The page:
Investigators in the UK reviewed the literature of evidence on how long someone with COVID-19 remains infectious. Their answer: No longer than eight days after symptom onset. Source:
This is important to know because the PCR test for diagnosis of cases can remain positive for up to 83 days. Transmission of infection requires whole live virus – the more the better – not just the fragments of RNA that the PCR tests detect.
The best evidence for ongoing infectiousness is when virus from body fluids can be seen to grow in tissue cultures. Perhaps second best is when tissues or cell cultures are exposed to virus, and microscopic examination shows cell damage.
The commonly used clinical test of COVID-19 infection is called PCR (more accurately, reverse transcriptase polymerase chain reaction to RT-PCR). This test detects fragments of viral RNA, and amplifies them to make them easier to detect. The amount of amplification required for detection is called “cycle threshold” or Ct. If a lot of viral RNA is present, it doesn’t require much amplification. There are many different coronavirus tests on the market. If a test requires too much amplification (i.e., Ct is over 25-35), then it’s probably not a true positive test for SARS-CoV-2; it may be detecting RNA from some other coronavirus, or contamination. Interestingly, my patients have probably been tested with at least three or four different PCR tests over the last six months: the test reports I see never report their cycle threshold.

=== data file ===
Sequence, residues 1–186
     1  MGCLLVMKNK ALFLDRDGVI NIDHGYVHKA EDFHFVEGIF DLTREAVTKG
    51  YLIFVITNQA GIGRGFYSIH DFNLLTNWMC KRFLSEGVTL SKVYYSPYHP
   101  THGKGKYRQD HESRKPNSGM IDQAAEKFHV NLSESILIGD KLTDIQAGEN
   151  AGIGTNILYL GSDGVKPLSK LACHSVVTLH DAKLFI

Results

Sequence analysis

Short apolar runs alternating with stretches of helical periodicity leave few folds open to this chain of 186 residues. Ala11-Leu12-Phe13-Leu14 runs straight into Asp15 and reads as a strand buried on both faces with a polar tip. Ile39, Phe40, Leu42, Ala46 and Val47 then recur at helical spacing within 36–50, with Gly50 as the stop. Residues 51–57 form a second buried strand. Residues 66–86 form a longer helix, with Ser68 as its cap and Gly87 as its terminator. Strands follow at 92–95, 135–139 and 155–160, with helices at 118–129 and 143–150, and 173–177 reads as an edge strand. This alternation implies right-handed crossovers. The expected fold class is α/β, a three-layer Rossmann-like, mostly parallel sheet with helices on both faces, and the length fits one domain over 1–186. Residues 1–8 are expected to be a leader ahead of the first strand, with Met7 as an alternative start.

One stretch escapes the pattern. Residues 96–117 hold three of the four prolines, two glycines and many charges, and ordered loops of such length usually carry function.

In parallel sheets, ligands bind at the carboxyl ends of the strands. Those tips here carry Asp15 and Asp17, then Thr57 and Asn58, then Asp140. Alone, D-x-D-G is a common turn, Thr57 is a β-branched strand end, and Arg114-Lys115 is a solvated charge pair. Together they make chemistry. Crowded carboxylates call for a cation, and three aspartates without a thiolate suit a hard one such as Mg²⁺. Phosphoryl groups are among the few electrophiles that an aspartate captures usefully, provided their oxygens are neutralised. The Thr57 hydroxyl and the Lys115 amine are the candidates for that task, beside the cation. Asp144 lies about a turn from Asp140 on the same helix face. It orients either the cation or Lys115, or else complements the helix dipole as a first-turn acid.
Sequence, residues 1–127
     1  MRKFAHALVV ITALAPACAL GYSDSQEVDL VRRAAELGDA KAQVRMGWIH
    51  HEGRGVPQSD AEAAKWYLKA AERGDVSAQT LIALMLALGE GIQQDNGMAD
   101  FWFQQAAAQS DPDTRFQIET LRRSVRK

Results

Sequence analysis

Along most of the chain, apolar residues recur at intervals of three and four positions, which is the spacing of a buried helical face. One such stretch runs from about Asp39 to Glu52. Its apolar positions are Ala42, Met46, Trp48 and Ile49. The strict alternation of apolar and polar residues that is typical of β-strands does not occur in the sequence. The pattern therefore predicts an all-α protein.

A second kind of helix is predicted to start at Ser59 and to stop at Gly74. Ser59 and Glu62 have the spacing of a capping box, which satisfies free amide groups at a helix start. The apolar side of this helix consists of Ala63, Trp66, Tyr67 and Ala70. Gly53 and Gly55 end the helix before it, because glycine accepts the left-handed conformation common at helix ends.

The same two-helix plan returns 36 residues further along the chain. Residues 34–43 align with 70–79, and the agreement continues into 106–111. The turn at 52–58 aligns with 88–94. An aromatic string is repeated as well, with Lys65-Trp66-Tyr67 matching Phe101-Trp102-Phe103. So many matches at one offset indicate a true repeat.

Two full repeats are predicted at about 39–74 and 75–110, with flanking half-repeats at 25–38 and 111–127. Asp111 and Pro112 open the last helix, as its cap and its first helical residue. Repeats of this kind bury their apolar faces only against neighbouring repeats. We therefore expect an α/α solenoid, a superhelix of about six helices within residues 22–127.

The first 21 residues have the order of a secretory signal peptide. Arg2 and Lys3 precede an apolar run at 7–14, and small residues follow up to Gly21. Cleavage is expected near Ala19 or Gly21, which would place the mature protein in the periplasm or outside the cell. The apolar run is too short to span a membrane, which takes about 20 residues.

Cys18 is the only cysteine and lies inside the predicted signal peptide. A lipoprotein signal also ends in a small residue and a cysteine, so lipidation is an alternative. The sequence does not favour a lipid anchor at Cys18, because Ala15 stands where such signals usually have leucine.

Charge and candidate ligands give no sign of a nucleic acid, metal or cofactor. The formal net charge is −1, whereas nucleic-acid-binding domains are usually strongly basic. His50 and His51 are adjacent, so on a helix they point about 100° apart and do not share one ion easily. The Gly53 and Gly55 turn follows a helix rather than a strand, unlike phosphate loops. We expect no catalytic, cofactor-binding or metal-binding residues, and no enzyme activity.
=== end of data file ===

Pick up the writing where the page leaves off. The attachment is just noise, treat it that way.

A false positive PCR test is one where the test is positive but the patient isn’t really infected. If you’re a government who wants a high “case” number, choose a test with a high Ct, over 30-35. (Again, it depends on the particular fragment of RNA being looked for, and other esoteric factors.)
The authors cited a couple cases of COVID-19 in which viral RNA was found in secretions at 78 and 83 days after initial diagnosis. They fully expect, however, that the RNA detected was viral debris, not whole infectious virus.
Remember, this is just one study. It hasn’t been peer-reviewed yet. We’re learning more as each month passes. Stay tuned.
Steve Parker, M.D.